This article was emailed to me by a friend. It is taken from Modern Reformation magazine. I would give credit to the author if I had the source information. However, this is too good and too convicting not to share. This paragraph explores the important relationship between expository preaching and pastoral care. It is not the last word, but certainly gives food for thought.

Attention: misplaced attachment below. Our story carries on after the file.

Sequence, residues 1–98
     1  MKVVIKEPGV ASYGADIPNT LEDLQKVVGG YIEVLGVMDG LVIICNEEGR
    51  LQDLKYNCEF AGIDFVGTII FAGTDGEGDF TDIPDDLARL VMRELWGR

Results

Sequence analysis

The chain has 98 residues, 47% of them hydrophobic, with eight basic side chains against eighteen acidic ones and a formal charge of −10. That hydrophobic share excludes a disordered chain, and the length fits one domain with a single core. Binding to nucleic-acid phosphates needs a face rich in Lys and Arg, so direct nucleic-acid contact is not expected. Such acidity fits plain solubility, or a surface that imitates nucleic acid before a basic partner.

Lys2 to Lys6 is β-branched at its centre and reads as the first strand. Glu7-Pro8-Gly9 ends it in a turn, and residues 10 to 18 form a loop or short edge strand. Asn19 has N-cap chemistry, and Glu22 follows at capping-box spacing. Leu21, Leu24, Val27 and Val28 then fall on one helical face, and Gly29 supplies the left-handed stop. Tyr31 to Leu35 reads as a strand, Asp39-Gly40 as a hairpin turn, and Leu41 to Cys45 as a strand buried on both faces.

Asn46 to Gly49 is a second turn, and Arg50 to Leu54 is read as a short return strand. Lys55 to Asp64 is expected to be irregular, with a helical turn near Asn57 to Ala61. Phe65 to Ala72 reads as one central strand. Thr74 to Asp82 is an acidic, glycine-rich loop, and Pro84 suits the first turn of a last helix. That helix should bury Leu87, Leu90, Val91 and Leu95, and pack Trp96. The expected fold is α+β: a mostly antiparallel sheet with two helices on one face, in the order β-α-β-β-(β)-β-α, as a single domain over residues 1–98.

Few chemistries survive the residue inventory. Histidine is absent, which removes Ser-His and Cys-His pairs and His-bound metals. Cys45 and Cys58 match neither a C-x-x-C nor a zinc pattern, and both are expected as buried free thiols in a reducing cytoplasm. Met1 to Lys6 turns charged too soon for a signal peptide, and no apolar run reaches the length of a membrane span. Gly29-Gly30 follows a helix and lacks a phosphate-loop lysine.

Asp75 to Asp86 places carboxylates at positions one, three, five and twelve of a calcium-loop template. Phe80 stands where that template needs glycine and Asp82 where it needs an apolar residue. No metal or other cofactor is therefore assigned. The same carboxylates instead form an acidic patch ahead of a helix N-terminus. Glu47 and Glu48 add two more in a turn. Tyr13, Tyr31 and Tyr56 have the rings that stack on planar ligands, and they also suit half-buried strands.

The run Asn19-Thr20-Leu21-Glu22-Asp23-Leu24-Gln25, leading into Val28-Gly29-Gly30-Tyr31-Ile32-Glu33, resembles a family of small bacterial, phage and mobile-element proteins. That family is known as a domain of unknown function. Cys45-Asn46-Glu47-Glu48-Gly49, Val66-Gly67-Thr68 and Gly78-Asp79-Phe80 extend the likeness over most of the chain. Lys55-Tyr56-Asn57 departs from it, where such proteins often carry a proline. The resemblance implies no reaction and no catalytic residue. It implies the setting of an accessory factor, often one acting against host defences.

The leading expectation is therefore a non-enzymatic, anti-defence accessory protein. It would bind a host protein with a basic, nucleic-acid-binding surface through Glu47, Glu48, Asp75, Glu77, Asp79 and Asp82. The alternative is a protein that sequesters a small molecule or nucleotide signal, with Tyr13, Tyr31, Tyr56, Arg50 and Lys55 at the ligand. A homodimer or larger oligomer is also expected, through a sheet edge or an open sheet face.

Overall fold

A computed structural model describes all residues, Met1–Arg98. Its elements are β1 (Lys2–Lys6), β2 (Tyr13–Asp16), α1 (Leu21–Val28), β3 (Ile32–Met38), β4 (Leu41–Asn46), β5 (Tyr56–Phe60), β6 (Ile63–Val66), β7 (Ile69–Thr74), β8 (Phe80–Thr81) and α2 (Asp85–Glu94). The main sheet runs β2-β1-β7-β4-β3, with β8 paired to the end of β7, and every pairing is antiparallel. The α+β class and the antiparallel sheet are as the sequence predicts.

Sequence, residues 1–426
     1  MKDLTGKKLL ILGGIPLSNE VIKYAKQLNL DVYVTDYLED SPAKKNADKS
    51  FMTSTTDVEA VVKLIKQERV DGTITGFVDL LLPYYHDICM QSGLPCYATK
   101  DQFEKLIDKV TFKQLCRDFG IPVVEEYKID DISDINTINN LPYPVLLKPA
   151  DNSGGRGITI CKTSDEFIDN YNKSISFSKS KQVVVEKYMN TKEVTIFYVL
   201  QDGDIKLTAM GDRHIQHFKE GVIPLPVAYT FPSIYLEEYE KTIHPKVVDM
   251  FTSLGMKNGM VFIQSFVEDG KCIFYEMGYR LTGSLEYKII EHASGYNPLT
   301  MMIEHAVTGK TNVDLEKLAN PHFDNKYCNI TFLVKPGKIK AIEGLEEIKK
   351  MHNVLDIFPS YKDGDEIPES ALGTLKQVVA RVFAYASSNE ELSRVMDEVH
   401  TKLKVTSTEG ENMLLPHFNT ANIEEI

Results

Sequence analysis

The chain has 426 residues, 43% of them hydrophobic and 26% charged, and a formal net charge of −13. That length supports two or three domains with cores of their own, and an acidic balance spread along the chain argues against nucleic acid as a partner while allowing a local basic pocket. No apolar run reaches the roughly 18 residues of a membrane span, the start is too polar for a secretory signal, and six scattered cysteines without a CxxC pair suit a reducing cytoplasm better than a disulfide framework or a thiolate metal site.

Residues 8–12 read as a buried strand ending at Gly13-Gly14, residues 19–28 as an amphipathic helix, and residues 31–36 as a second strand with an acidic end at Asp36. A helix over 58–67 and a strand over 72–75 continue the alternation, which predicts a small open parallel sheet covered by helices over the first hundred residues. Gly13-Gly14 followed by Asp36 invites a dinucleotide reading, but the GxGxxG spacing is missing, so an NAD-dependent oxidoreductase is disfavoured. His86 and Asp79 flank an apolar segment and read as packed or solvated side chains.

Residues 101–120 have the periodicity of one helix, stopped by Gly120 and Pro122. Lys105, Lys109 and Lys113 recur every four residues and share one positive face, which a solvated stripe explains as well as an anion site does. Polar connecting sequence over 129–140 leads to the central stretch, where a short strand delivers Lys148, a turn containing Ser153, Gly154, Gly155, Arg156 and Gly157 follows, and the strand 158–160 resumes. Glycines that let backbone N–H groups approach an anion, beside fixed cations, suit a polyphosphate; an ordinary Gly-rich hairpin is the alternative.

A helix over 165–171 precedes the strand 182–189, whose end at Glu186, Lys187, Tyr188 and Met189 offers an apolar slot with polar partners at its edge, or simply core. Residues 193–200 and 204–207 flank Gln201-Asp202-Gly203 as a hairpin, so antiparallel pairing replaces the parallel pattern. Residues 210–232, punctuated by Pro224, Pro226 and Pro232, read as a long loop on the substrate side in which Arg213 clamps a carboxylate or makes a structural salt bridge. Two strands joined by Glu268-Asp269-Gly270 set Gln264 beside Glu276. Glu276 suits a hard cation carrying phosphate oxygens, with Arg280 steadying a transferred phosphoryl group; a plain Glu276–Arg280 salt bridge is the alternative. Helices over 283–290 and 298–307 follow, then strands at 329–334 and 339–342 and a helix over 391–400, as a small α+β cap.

Theological principles such as these must impact praxis at the deepest level, even right down to issues of how preachers structure their week and organize their priorities. To listen and to listen well takes time. A lot of time. This means that where preachers do not protect sermon preparation time with prosecuting zeal, the end result of the sermon will be the work of those who speak before they listen. The sermon will reveal the kind of people who think they know best before they've heard both sides of an argument-the text will be handled in ways that ignore its details and nuances and miss its structure or surprises. One of the clearest signs of a sermon not born out of sensitive listening is that the congregation actually gets more Bible, not less, as the preacher draws on a reservoir of knowledge to speak about the text, expanding it, but does not explain the text, expounding it. (It is said that Winston Churchill once remarked after a lengthy address that he hadn't had time to prepare a short talk.) It is conceivable that the preacher's approach to the sermon text will go hand in hand with the approach to other facets of the ministry. Where the sermons are under-prepared and ill-conceived, so too pastoral relationships will often be underdeveloped and stunted, because genuine listening as a moral imperative is not being adopted as intrinsic to the theological task. The minister will very likely be hurried and busy, an activist, and on the fast-track to becoming a church manager doing God's work rather than a preacher speaking God's Word.